Thomas Goggan, sheet music publisher and founder of Thomas Goggan & Bros. music stores, was born in County Kerry, Ireland, in February 1843. He immigrated to the United States in 1860. Goggan went to school at St. Edward’s University in Austin and Springhill College in Mobile, Alabama. By 1866 he was living in Galveston, Texas, where he opened his first music store. Thomas had two brothers, John and Mike Goggan, who were also born in Ireland and eventually partnered with him in the business.
Within a few years after Goggan opened his first music store, his brother John joined him in the enterprise. By 1870 they had changed the company name to Thos. Goggan and Bro. The store, which by the late 1870s was a three-story brick building located on East Market Street and Twenty-second Street in Galveston, eventually became the company headquarters, with branch stores in Austin, San Antonio, Dallas, Waco, Houston, El Paso, and Amarillo. The Goggan brothers’ motto was “Everything in Music,” and they sold sheet music, pianos, phonographs, and a variety of other American and European-produced musical instruments. The company became the sole distributor of Steinway pianos in Texas. As the demand for other household items grew, the Goggan brothers also began to stock household appliances, including freezers, toasters, and sewing machines.
The 1880 census for Galveston listed Thomas as a thirty-seven-year-old music dealer living with his wife Annie, who was twenty-eight years old and a Texas native, and their two daughters and three sons. They later had two more daughters, however, one died at eleven months of age. By 1880 Thomas’s younger brother Mike worked as a clerk in the store. Mike opened a San Antonio branch, Goggan Palace of Music, in 1883, while Thomas and John Goggan remained in Galveston. The San Antonio store became one of the most popular piano retailers in the Alamo City.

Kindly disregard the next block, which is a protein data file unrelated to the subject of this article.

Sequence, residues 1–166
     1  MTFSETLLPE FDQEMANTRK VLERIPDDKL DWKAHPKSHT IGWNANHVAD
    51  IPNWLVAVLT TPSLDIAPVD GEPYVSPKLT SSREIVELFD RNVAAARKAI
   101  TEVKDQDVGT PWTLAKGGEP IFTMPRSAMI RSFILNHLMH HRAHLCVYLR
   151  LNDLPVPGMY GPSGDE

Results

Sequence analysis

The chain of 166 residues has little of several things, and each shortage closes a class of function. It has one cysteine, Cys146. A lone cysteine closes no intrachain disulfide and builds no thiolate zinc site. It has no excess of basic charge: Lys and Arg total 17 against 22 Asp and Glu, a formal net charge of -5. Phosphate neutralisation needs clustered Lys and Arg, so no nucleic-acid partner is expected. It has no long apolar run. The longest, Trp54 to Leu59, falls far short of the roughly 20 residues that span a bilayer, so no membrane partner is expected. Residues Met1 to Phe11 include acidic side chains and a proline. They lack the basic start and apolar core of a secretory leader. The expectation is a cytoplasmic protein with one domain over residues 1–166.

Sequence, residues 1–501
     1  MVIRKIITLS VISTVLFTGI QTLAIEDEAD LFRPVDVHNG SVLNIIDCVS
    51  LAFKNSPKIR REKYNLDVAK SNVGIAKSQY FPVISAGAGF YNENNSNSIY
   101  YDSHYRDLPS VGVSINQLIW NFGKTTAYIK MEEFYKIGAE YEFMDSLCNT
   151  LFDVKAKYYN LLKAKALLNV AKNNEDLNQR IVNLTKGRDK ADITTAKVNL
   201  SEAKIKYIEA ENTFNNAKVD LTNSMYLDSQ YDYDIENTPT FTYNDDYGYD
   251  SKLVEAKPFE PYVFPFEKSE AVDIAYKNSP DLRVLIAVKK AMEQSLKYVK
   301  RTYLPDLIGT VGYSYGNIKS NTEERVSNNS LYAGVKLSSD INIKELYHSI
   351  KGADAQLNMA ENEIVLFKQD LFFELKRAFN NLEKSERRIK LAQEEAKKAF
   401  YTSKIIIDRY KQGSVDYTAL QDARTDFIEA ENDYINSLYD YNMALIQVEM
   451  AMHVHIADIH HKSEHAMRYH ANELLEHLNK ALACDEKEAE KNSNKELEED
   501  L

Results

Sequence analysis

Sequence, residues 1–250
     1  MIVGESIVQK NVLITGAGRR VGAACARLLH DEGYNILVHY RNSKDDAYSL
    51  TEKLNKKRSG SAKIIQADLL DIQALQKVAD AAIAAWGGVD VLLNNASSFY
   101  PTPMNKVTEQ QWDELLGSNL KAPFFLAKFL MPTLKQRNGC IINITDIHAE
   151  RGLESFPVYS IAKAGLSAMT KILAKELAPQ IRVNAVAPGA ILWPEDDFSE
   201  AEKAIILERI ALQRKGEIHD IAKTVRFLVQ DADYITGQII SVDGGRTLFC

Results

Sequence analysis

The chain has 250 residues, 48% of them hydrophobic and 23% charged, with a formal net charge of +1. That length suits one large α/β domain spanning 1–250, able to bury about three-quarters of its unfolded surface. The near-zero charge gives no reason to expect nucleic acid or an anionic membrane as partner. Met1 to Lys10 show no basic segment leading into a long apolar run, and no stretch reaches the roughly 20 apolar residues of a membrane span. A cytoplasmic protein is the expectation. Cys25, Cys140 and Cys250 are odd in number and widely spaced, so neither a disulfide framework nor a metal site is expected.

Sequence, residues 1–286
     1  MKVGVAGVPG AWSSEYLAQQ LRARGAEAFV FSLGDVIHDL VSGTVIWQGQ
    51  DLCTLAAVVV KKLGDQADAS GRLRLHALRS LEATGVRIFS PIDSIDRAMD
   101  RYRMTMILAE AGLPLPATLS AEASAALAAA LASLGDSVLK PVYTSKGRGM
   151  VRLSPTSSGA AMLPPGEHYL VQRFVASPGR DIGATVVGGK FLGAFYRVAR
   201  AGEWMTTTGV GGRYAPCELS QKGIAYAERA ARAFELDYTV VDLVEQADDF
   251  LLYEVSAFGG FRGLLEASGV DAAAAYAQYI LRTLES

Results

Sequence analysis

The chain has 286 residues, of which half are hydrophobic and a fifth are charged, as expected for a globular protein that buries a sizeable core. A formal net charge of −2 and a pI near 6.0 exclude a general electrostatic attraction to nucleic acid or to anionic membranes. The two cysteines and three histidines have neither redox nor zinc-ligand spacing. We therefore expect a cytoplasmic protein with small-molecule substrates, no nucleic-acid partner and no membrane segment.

Thomas Goggan was very active in the civic affairs of Galveston and served as a county commissioner in 1880. He was elected as a police and fire commissioner in 1897. He frequently contributed columns to the Galveston Daily News and commented on various political and social concerns of the city such as the establishment of night schools and the repair of the city sewer system. Annie Goggan died on February 15, 1884. Goggan apparently remarried, because the 1900 census in Galveston reported that he and his wife Margarita had been married for five years.
Thomas Goggan died on June 22, 1903, while visiting his home in Cork, Ireland. A notice published in the June 28, 1903, edition of the Dallas Morning News assured readers that the music business would continue. John Goggan drowned off the coast of Galveston in September 1908, and his brother Mike died in San Antonio on November 26, 1914. The Goggan brothers’ stores continued to conduct business into the mid-twentieth century, but in the 1930s the Galveston store stopped publishing music; a decade later, the Houston branch closed for good.
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Albert Curtis, Fabulous San Antonio (San Antonio: Naylor, 1955). Dallas Morning News, June 23, 28, 1903. Galveston Daily News, July 13, 1877; February 17, 1880; June 19, 1881; February 25, 1884; June 12, 1897. René T. A. Lysloff and Leslie C. Gay, Jr., eds., Music and Technoculture (Middletown, Connecticut: Wesleyan University Press, 2003). Craig H. Roell, The Piano in America, 1890–1940 (Chapel Hill: University of North Carolina Press, 1989). San Antonio Express–News, November 27, 1914.
Business, Promotion, Broadcasting, and Technology
The following, adapted from the Chicago Manual of Style, 15th edition, is the preferred citation for this entry.
Erica Gish and Laurie E. Jasinski,
Handbook of Texas Online,
accessed August 07, 2022,
Published by the Texas State Historical Association.
Original Publication Date:
August 7, 2014
This entry belongs to the following Handbook Special Projects: